Safely and Easily Use High-Level Permissions Without Granting Them to Anyone: Database-level

Come see how easy it truly is to "grant" high-level permissions in the safest, most granular, most controllable way.

SQLCLR vs. SQL Server 2012 & 2014 & 2016, Part 7: “CLR strict security” – The Problem Continues … in the Past (Wait, What?!?)

Using SQLCLR on SQL Server 2012, 2014, or 2016? Jealous of the "fun" those on SQL 2017 are having with "CLR strict security"? Come see how you can join the party 😼

Safely and Easily Use High-Level Permissions Without Granting Them to Anyone: Server-level

Come see how easy it truly is to "grant" high-level permissions in the safest, most granular, most controllable way.

PLEASE, Please, please Stop Using Impersonation, TRUSTWORTHY, and Cross-DB Ownership Chaining

Module Signing was introduced in SQL Server 2005, and yet people are still using Impersonation and TRUSTWORTHY. This needs to stop.

SQLCLR vs. SQL Server 2017, Part 6: “Trusted Assemblies” – Whitelisted Assemblies can’t do Module Signing

"Trusted Assemblies", a new feature starting in SQL Server 2017, is a means of whitelisting Assemblies that one feels pose no threat, and can be created (and used) without needing to be a) signed and b) have a corresponding signature-based Login that has been granted the UNSAFE ASSEMBLY permission. In Part 4 of this series… Continue reading SQLCLR vs. SQL Server 2017, Part 6: “Trusted Assemblies” – Whitelisted Assemblies can’t do Module Signing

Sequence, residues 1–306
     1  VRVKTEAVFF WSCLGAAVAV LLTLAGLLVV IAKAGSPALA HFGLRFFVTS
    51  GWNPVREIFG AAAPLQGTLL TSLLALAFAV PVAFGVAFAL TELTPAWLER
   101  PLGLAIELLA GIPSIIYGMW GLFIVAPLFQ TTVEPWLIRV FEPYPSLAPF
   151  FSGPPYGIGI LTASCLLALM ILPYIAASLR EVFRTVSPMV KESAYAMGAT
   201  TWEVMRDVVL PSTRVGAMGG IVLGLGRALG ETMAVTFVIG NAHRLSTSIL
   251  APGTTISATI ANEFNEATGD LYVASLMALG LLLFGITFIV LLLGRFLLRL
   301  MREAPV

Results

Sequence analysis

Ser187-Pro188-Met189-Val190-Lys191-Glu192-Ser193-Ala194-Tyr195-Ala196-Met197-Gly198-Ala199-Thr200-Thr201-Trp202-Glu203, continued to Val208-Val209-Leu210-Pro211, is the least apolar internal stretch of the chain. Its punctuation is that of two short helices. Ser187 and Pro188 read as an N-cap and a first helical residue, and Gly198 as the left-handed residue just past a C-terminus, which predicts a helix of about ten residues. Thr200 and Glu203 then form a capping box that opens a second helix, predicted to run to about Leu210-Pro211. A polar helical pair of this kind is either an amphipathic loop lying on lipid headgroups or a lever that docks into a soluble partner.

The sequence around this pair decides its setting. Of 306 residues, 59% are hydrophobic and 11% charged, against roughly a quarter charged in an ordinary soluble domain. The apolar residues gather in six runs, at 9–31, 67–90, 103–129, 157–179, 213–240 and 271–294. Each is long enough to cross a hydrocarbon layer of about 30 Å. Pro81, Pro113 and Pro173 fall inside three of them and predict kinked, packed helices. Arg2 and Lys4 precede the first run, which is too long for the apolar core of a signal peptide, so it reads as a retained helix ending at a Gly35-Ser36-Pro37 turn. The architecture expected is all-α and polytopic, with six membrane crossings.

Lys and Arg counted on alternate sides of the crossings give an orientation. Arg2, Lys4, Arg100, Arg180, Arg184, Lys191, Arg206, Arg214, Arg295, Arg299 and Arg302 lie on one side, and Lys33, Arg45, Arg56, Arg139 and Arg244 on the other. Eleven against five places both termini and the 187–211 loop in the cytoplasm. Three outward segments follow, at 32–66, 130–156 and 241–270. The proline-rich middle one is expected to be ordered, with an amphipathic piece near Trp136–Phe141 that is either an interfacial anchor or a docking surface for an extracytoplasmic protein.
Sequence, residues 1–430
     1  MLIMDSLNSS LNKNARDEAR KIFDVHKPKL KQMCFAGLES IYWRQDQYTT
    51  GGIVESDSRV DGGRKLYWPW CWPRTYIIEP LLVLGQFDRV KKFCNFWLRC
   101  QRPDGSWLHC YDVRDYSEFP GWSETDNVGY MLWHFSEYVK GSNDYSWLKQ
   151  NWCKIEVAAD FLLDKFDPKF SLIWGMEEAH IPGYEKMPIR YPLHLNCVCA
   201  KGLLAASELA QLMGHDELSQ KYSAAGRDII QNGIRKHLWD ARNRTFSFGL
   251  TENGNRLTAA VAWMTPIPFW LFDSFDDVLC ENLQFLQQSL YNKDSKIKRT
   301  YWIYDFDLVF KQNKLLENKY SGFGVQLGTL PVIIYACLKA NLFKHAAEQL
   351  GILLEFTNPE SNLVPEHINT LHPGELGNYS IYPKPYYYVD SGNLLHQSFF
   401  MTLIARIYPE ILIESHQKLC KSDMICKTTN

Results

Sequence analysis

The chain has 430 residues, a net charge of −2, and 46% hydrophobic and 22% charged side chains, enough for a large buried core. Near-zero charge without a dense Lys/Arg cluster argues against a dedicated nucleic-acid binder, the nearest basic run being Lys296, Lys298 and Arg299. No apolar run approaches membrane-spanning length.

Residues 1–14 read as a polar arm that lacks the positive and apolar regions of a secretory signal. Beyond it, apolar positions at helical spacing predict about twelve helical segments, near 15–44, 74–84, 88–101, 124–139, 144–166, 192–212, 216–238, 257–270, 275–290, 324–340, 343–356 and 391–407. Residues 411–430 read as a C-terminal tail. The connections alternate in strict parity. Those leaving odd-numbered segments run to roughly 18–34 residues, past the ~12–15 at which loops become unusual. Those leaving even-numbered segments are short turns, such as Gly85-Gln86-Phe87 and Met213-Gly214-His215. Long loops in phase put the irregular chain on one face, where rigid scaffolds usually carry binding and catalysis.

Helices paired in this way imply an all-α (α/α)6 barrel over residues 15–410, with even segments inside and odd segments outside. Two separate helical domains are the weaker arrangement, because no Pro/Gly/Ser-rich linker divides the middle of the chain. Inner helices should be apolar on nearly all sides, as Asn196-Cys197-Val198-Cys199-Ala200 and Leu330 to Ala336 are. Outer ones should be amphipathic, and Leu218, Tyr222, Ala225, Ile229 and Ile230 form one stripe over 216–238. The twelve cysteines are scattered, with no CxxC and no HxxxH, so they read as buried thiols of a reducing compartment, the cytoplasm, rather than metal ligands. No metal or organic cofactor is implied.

SQLCLR vs. SQL Server 2017, Part 2: “CLR strict security” – Solution 1

As mentioned in Part 1 of this "SQLCLR vs. SQL Server 2017" series, the new clr strict security server-level configuration option requires that in order to create any Assembly, even a SAFE one, it must be signed (by a Certificate or Strong Name Key), and there must already exist a corresponding Login, based on the… Continue reading SQLCLR vs. SQL Server 2017, Part 2: “CLR strict security” – Solution 1